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"They were talking about me"--elderly women's experiences of taking part in a discharge planning conference.
Umeå University, Faculty of Medicine, Nursing.
Umeå University, Faculty of Medicine, Nursing.
Umeå University, Faculty of Medicine, Nursing.
2006 (English)In: Scandinavian Journal of Caring Sciences, ISSN 0283-9318, Vol. 20, no 1, 68-78 p.Article in journal (Refereed) Published
Abstract [en]

INTRODUCTION: Discharge planning procedures needs improving to make transition to care settings in the community smooth, safe and secure. Research about discharge planning that involves a patient perspective is limited. The intention of this study was to focus on the patients' (elderly women) experiences of taking part in discharge planning conferences (DPCs) to deepen our understanding of the meaning of facing "the world of the institution" from a life-world perspective. AIM: This study aims at describing elderly women's experience of taking part in a DPC as they are about to be discharged from hospital. METHODOLOGICAL DESIGN: To illuminate the phenomenon from a life-world perspective, an interview study was chosen. Eight follow-up interviews with seven elderly women were carried out. The interviews were analysed using a qualitative content analysis methodology. FINDINGS: The interpretation of data was that the women's future was as in suspense as they got ill or were hit by accidents. The analysis revealed four themes that reflected the women's experiences of taking part in the DPCs: Being affiliated; Being in focus, Standing outside; and finally Being unprepared. STUDY LIMITATIONS AND CONCLUSION: The limitations of the study are related to: selection of participants; participation in the interview was connected to a video recording study; gap in time between participation in the DPC and the interview. The findings are still seen as trustworthy as the experiences expressed by the participating women in data are to be seen as a contribution to an emerging understanding of the meaning of the phenomenon from a life world perspective. The findings make clear that the institutional world easily and without much resistance from the patients transgresses the border of their life worlds. This awakes a need to reconsider how a caring perspective can be established in practice.

Place, publisher, year, edition, pages
2006. Vol. 20, no 1, 68-78 p.
Keyword [en]
Adaptation; Psychological, Aged/*psychology, Aged; 80 and over, Attitude to Health, Communication, Empathy, Family/psychology, Female, Follow-Up Studies, Health Knowledge; Attitudes; Practice, Health Services Needs and Demand, Humans, Narration, Nursing Methodology Research, Patient Discharge, Patient Education as Topic, Patient Participation/methods/*psychology, Power (Psychology), Qualitative Research, Questionnaires, Social Support, Sweden, Uncertainty, Women/*psychology
URN: urn:nbn:se:umu:diva-6595DOI: 10.1111/j.1471-6712.2006.00382.xPubMedID: 16489962OAI: diva2:146264
Available from: 2007-12-14 Created: 2007-12-14 Last updated: 2009-11-11Bibliographically approved
In thesis
1. Vårdplaneringsmötet.: En studie av det institutionella samtalet mellan äldre kvinnor, närstående och vårdare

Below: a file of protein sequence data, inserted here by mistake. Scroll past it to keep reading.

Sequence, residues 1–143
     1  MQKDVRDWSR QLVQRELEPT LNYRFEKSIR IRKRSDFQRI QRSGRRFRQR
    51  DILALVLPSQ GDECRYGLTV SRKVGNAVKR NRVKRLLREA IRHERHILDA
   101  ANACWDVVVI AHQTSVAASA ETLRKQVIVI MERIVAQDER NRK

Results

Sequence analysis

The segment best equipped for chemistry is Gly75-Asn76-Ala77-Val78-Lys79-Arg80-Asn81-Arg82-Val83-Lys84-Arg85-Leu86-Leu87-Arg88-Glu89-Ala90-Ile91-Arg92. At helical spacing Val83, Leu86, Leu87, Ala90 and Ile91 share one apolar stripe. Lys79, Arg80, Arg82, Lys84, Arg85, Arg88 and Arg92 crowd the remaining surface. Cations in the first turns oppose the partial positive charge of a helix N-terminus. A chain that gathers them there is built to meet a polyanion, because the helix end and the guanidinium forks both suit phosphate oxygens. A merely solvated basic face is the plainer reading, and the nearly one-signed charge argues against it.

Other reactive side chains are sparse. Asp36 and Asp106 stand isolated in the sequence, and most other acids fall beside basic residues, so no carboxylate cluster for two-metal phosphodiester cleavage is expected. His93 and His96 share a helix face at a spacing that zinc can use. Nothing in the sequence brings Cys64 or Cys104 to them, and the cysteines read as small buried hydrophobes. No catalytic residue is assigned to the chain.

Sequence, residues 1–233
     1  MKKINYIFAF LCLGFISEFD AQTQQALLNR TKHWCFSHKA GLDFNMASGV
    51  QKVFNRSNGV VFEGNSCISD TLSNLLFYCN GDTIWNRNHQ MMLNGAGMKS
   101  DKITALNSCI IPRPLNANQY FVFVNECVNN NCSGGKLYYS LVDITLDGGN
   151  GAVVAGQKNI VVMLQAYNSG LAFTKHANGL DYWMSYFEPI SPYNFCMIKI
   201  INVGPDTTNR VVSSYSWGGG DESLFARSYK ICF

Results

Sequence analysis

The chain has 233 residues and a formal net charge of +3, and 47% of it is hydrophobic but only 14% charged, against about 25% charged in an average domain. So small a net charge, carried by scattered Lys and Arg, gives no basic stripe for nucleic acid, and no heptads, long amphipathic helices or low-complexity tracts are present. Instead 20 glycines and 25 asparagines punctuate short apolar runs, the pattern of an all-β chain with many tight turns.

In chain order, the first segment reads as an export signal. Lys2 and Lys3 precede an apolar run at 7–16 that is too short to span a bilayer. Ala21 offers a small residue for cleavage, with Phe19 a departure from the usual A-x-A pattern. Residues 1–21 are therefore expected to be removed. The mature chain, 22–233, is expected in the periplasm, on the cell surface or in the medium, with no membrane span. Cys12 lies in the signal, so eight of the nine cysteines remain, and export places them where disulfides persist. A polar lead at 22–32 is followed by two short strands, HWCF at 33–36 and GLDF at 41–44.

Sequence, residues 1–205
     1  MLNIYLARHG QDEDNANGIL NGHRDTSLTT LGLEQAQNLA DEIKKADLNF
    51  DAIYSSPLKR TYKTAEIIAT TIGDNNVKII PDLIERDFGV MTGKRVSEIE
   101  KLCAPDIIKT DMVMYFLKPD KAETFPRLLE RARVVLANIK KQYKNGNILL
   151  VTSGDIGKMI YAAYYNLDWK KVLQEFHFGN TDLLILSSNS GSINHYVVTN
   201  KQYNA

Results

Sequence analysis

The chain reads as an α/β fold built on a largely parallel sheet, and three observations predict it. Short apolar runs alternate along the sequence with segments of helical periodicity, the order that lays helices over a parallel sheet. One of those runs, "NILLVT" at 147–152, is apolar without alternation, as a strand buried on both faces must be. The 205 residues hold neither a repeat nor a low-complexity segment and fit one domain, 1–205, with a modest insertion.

Open this publication in new window or tab >>Vårdplaneringsmötet.: En studie av det institutionella samtalet mellan äldre kvinnor, närstående och vårdare
2005 (Swedish)Doctoral thesis, comprehensive summary (Other academic)
Abstract [en]

The overall aim of this thesis is to describe how elderly women’s encounters with an institutionalised world of health care manifest itself in a discharge planning conference (DPC). The thesis is based on eight video recorded DPCs and follow-up interviews with the women who took part in the conferences.

The result of study I, a case study, showed that the woman’s experience of taking part in the DPC was characterised as a feeling of powerlessness. The women’s possibility to have influence on the care planning was small (Study II). Study III revealed that the participants adopted or were assigned to different roles during the DPC. As these roles collided dilemmatic situations occurred. Simultaneously the women and family members struggled to manage the institutional frame that surrounded the meeting by trying to find room within it or by challenging it. Study IV revealed that the women found themselves to be in a vulnerable situation. Their body had failed them, their future was insecure and they felt unprepared as they took part in the DPC. They felt as if they were being affiliated with the other participants in a joint project, as if they were standing outside the event or as if they were in focus for the conversation which. The last was a double edged experience: getting confirmative attention but also being exposed as dependent. Four themes characterise the care that was jointly constructed by all participants during the DPC. These themes are “Care as spirit of community and confirmation”, ”Care as alienation”, ”The incomprehensible care” and “The inflexible and betraitful care”.The result gives rise to questions about the relevance of DPCs in their present shape. Further research and developmental projects requested to achieve dicharge planning conferences that are corresponding better to official caring ideals and the patients needs.

Place, publisher, year, edition, pages
Umeå: Omvårdnad, 2005. 89 p.
Umeå University medical dissertations, ISSN 0346-6612 ; 967
Nursing, Discharge planning, Omvårdnad
National Category
Research subject
Caring Sciences
urn:nbn:se:umu:diva-590 (URN)91-7305-883-1 (ISBN)
Public defence
2005-09-30, Aulan, Vårdvetarhuset, Institutionen för omvårdnad, 901 87Umeå, 13:00 (English)
Available from: 2005-09-19 Created: 2005-09-19 Last updated: 2009-11-11Bibliographically approved

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